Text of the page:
Trump-Turnbull Meeting to be Watched for Tone

Australian Prime Minister Malcolm Turnbull will meet U.S. President Donald Trump officially for the first time in New York Thursday. But the tone of the meeting will be closely watched following an argument between the two leaders earlier this year.  

This will be the first time the leaders of Australia and the United States will have met since a heated phone call in January, which made headlines around the world.  The fractious nature of that conversation was over a controversial refugee deal Australia struck with the out-going Obama administration last November that would re-settle in the United States more than 1,000 migrants from Australia’s offshore camps on the island of Nauru and another in Papua New Guinea.

The meeting between President Trump and Prime Minister Turnbull Thursday will be on board the USS Intrepid — a World War II aircraft carrier that is now a museum in the Hudson River in New York.  The discussions will be part of the 75th anniversary commemorations for the Battle of the Coral Sea, in which U.S.  and Australian naval and air forces took on the Imperial Japanese Navy.

Security issues, including tensions on the Korean peninsula, and trade are expected to dominate the talks.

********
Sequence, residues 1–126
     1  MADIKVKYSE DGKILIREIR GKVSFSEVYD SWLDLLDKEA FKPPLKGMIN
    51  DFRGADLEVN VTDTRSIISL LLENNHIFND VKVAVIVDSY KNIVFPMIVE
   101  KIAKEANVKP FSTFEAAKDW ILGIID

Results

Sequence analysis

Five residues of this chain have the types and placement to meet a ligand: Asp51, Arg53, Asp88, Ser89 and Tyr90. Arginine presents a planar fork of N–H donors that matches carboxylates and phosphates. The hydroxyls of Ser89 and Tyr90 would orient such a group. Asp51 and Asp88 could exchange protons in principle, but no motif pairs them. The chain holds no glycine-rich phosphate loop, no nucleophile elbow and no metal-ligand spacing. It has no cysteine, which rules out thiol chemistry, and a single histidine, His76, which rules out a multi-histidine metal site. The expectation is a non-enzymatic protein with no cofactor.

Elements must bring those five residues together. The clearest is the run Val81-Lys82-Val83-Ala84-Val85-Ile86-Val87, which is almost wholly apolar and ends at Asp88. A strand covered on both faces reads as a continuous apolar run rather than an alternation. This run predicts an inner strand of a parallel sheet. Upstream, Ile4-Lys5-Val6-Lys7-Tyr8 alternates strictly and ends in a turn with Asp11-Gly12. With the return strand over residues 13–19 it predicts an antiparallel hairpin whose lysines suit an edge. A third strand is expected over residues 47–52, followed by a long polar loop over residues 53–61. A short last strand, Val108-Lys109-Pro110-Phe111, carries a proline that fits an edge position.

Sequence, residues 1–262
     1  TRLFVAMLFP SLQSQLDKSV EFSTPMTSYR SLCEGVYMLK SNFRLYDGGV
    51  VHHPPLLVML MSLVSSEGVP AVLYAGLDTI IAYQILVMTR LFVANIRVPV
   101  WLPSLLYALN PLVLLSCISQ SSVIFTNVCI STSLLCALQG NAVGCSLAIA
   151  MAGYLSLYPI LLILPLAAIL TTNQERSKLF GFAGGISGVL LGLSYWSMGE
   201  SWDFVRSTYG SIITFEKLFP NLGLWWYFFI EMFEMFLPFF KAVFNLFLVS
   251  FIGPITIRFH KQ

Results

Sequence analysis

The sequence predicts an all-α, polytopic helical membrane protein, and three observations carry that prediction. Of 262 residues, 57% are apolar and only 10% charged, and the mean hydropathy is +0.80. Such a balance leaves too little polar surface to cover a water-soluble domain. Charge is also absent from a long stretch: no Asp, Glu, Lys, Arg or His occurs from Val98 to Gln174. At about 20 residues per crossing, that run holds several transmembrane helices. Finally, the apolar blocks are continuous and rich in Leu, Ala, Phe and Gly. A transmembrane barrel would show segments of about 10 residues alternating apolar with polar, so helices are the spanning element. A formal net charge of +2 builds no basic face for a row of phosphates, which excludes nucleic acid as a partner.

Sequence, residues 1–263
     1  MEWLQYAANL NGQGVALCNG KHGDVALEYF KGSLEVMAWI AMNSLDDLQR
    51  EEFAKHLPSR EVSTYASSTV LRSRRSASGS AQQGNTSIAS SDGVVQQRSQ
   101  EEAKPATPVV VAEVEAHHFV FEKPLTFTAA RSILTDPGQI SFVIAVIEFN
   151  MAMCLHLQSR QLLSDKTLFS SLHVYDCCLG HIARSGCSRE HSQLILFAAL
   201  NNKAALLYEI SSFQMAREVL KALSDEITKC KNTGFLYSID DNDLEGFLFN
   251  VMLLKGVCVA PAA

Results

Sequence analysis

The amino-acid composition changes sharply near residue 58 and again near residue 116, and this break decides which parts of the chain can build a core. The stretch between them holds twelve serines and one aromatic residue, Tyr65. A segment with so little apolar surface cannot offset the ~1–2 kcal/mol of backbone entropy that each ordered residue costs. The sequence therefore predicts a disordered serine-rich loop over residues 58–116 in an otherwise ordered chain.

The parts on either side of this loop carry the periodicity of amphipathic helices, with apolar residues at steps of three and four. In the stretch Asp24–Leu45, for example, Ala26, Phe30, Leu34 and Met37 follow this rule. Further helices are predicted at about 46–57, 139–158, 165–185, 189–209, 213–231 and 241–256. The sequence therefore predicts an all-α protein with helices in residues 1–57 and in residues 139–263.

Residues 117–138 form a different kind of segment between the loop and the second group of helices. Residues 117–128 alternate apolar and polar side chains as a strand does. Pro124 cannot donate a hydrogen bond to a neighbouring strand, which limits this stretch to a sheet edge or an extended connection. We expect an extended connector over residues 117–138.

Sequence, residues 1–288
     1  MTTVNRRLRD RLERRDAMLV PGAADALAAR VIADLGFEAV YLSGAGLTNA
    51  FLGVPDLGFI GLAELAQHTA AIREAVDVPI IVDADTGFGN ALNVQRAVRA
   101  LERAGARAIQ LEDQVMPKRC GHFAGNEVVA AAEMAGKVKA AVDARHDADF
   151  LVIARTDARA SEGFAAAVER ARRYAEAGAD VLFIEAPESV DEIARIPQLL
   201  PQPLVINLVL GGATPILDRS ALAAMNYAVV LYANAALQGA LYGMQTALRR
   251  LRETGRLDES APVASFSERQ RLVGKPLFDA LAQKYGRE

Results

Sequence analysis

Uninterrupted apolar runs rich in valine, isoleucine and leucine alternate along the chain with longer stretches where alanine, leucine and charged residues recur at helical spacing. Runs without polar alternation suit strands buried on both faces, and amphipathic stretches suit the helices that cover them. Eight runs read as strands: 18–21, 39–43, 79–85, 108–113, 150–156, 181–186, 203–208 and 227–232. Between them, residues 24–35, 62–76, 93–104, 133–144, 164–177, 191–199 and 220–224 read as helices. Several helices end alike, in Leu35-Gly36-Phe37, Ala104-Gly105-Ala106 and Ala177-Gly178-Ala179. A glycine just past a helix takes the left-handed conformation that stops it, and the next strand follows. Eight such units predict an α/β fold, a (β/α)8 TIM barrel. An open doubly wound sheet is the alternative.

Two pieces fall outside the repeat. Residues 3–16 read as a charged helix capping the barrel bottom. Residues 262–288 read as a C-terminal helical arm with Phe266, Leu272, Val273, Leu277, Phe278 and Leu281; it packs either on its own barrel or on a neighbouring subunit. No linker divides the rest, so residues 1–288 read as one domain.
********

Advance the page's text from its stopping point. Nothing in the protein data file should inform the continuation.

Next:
Professor James Curran is a research associate at the United States Studies Center at the University of Sydney.

He says Turnbull is not being afforded the usual diplomatic reception.  

“It is not the White House, nor is it Mar-a-Lago in Florida. I think it is a step down in protocol. Whilst the meeting was mooted in February, it has taken a long time to organize it and to lock the president in,” said Curran. “The optics can go two ways: there will be no doubt that this meeting will be an opportunity to talk the language of brothers in arms and shared sacrifice. And it is only right and proper that allies of this longstanding relationship should do that.”

Prime Minister Turnbull said in a statement that his visit to New York would be an opportunity to “reaffirm our alliance and the United States’ engagement with the Asia-Pacific.”

A security pact between Canberra and Washington dates back to the early 1950s.

In April, Turnbull made a surprise visit to Australian forces in Iraq and Afghanistan, meeting with U.S. Defense Secretary James Mattis in the Afghan capital, Kabul.

The event in New York on the USS Intrepid will be hosted by the American-Australian Association, which is headed by former U.S. Ambassador to Australia John Berry.

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